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Kim Kardashian: More popular than education?
Let’s ask Google Trends
If you haven’t heard of Google Trends, it’s time you did. Google Trends is an incredible free tool available to everyone. It documents the relatively frequency of specific search terms used on Google, over time – basically, what people are searching for on Google. Since Google has around 65% of the search traffic in the world, this is a pretty good indicator of what’s popular (and it’s a huge volume of data, too!).
So where does Kim Kardashian come into this? Well, a comparison of “Kim Kardashian” vs “Education” shows a worrying trend…..
Kim Kardashian vs Education (Australia, 2004-Present)
Education, in blue, has been in steady decline since Google started tracking trends right back in 2004. Meanwhile, Kim Kardashian has been growing – slowly but surely with some peaks of popularity. Hold on one moment – right there, on the right side of the graph! Earlier this year, for the first time ever, Miss Kardashian was searched for more times than Education in Australia.
That might explain a few things… but is the continual decline of Education shown on the graph above really the fault of Kim?
Well correlation does not equal causation.
Correlation: “The simultaneous change in value of two numerically valued random variables.”
Causation: “The act or fact of causing; the production of an effect by a cause.”
That means that while there might be a negative correlation between Kim and Education (Kim is being searched more often as the number of searches for education drops off Education) she isn’t necessarily the cause. A quick look at the graph shows that searches for Education were already on the decline when Miss Kardashian first became a household name and started building her cult of personality back in 2007, all thanks to a certain video…
So what other factors can we look at? Maybe it’s TV’s fault?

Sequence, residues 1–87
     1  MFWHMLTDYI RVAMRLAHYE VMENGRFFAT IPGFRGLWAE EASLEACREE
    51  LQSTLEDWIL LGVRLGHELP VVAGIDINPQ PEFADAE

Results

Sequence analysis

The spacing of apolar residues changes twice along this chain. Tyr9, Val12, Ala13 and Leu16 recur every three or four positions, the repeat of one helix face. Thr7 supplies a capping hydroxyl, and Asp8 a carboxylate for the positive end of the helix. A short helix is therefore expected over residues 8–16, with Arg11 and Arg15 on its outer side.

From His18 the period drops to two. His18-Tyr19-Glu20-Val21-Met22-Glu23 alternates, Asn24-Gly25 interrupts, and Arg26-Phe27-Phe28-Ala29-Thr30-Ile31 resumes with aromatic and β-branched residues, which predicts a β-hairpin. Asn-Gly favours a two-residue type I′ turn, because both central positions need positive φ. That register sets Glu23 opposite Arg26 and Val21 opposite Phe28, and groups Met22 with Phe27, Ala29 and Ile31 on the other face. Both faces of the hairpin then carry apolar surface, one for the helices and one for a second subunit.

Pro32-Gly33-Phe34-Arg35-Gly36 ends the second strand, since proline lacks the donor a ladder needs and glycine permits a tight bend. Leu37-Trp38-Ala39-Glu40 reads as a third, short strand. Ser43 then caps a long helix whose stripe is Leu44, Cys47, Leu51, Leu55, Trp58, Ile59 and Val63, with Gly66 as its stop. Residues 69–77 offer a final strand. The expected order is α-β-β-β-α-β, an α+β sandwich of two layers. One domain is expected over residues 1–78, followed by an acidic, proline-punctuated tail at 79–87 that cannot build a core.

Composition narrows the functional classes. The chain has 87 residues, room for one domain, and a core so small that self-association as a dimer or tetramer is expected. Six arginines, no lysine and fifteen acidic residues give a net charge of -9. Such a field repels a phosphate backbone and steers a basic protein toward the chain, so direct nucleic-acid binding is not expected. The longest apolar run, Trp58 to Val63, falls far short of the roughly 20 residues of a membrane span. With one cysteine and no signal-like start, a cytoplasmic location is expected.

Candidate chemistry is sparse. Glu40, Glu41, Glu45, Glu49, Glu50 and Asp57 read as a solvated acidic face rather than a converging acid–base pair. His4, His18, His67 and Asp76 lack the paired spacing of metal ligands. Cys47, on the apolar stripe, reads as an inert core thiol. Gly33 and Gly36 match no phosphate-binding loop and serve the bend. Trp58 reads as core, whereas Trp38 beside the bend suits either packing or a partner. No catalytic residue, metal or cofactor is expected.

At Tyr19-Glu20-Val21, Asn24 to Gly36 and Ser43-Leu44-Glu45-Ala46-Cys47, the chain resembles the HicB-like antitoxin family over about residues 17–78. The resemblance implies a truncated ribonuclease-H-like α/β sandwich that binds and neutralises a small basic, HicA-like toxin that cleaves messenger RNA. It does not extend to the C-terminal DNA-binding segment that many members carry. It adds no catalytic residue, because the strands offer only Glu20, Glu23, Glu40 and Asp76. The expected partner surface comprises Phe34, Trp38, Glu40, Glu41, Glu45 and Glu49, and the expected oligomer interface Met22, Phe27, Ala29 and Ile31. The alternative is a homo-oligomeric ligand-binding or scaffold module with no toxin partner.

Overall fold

TV vs Education (Australia, 2004-Present)
Again we can see a negative correlation between searches for Education and TV, with TV enjoying a much higher search volume than Education. We can even drill down into the data to work out the relative popularity of the terms in each state:
Relative searches for TV vs Education, by State & Territory
And since I’m from the Northern Territory, let’s have a closer look at that region:
Origin of searches for TV vs Education in the NT
In reality, it can be quite challenging to work out the exact root cause(s) of trends such as these. Long term social changes might be the underlying factor in our decision to search for TV more than Education. Trends will also be affected by current events (new technologies, changes to laws, political issues), and by changes in the way people seek information:
Education vs TV vs Wiki & Wikipedia (Australia, 2004-Present)
Searches for Wikipedia have tapered off in recent years but they were beating out TV for a while there! There is probably a practical reason – these days Google generally ranks Wikipedia articles in the top 10 results for just about anything you search for, so people si
mply don’t need to add Wiki or Wikipedia into their searches. I’m still hopeful people want to learn and be informed, even if they’re not searching specifically for “education” anymore!
Hopefully this article also gave you a little taste of the kind of data and detail Google Trends can generate quickly and easily, for free. Look out for the follow up where we demonstrate some of the ways you can use Google Trends as a tool for teaching or training in the classroom and to further your career!
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